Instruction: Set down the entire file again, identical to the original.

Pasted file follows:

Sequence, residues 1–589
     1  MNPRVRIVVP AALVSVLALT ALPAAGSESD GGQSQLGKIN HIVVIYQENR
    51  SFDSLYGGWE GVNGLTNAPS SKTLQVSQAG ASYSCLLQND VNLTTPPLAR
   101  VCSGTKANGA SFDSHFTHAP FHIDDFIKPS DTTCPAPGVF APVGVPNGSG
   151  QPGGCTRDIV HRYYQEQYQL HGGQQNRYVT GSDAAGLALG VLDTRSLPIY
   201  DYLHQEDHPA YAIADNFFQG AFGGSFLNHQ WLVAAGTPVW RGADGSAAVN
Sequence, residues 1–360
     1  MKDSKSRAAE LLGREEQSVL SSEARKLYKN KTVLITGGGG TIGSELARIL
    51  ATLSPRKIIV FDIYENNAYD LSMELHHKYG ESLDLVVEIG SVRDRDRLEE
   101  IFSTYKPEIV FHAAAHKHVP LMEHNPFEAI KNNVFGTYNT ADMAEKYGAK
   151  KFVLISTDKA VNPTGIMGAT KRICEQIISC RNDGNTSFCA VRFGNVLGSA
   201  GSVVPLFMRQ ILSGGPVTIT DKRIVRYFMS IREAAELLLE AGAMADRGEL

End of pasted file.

Sequence, residues 1–589
     1  MNPRVRIVVP AALVSVLALT ALPAAGSESD GGQSQLGKIN HIVVIYQENR
    51  SFDSLYGGWE GVNGLTNAPS SKTLQVSQAG ASYSCLLQND VNLTTPPLAR
   101  VCSGTKANGA SFDSHFTHAP FHIDDFIKPS DTTCPAPGVF APVGVPNGSG
   151  QPGGCTRDIV HRYYQEQYQL HGGQQNRYVT GSDAAGLALG VLDTRSLPIY
   201  DYLHQEDHPA YAIADNFFQG AFGGSFLNHQ WLVAAGTPVW RGADGSAAVN
Sequence, residues 1–360
     1  MKDSKSRAAE LLGREEQSVL SSEARKLYKN KTVLITGGGG TIGSELARIL
    51  ATLSPRKIIV FDIYENNAYD LSMELHHKYG ESLDLVVEIG SVRDRDRLEE
   101  IFSTYKPEIV FHAAAHKHVP LMEHNPFEAI KNNVFGTYNT ADMAEKYGAK
   151  KFVLISTDKA VNPTGIMGAT KRICEQIISC RNDGNTSFCA VRFGNVLGSA
   201  GSVVPLFMRQ ILSGGPVTIT DKRIVRYFMS IREAAELLLE AGAMADRGEL